The PLC said results for the financial year that ended last month were likely to be “at the top end of current market expectations”.
St Ives’s share price jumped by 9.5p, or 17.43%, to 64p on the news.
Analysts are predicting profits of between £22.5m-£24m. Last year the group filed an adjusted pre-tax profit of £30.4m.
“This is a step forward and the market has reacted well,” said Malcolm Morgan, analyst at Peel Hunt. “Ten out of ten to the team for having worked hard to try and restore some sort of momentum in difficult times.”
St Ives said that trading in its Strategic Marketing division had continued to improve, with like-for-like sales up by around 12% and “significantly improved” operating margins.
There was also better news at its print operations. In the under-pressure Marketing Activation business, which includes SP Group and Service Graphics, sales are tracking circa 2% ahead of the prior year. “The cost reduction measures initiated within the segment have been implemented as planned and on schedule, and the resultant benefits are now helping to mitigate margin pressure,” St Ives said in a statement.
At book printing operation Clays, sales were up by around 8% in the second half. The firm announced plans to cut approximately 17% of the workforce earlier this year, and said cost reductions and restructuring at the Bungay business “are expected to ease margin pressure going forward”.
Clays also printed for HarperCollins for most of the period, as its contract expired on 30 June.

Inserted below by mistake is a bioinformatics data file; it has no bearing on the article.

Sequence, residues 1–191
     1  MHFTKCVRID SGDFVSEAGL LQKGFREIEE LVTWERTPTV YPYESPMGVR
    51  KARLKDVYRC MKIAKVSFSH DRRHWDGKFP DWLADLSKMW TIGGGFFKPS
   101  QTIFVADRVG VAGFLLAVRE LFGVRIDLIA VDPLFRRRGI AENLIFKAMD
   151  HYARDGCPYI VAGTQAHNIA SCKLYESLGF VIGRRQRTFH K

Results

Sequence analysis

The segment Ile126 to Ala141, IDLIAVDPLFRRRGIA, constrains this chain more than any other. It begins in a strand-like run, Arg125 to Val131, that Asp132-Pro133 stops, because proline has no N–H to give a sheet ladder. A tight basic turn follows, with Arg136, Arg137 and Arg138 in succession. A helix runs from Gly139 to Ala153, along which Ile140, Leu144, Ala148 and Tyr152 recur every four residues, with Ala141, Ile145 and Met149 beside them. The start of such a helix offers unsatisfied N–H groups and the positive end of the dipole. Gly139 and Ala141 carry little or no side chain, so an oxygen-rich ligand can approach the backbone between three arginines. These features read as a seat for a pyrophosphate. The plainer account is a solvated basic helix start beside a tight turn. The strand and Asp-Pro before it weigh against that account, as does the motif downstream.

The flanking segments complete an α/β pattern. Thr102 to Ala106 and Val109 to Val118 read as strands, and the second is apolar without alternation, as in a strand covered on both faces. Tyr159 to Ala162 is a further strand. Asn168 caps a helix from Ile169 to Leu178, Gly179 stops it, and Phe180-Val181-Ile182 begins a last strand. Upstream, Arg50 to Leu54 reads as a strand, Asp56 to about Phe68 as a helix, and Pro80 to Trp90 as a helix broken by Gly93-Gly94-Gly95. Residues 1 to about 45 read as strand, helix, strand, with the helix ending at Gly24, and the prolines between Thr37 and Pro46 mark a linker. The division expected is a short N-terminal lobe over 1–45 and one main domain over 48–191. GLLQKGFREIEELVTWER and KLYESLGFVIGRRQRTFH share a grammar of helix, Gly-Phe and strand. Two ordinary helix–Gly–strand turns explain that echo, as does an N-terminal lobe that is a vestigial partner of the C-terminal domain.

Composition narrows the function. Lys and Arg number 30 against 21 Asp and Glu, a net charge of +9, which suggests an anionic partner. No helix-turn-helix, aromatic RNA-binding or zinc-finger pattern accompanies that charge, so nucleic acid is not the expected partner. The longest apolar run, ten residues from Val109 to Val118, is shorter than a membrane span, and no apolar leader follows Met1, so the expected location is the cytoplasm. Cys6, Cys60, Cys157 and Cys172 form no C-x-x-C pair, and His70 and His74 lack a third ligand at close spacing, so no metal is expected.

There was no specific update on the strategic review that could involve St Ives selling its print operations. Following the recent sales of factory sites in Cornwall and Peterborough, St Ives said it continued to look for ways to strengthen its balance sheet.
“If there is a buyer out there they are going to more encouraged seeing a better second-half performance,” Morgan said.
An industry source said that St Ives could have opted to put the Marketing Activation sale on ice until the outcome of the contract tender at major client Sainsbury’s is known. St Ives has not commented on the review.
Earlier this month Communisis confirmed it had won the HSBC work previously handled by the St Ives print management wing.
The group, which had sales of £367.5m last year, has also come to an agreement with its pension trustees to increase its contribution to the scheme from £2.4m to £3m a year, in a deal that is backdated to April 2016. As a result, St Ives will contribute £3.8m in its next financial year, and £3m thereafter. The scheme had a deficit of £26.4m at its last year-end, and this had reduced to £18.5m in the group’s 2016/17 interim results.
“Clarity on the pension fund gives certainty going forward and the stock market likes certainty,” Morgan added.
The group’s share price reached a new all-time low of 37.3p in June. The 52-week high is 152p.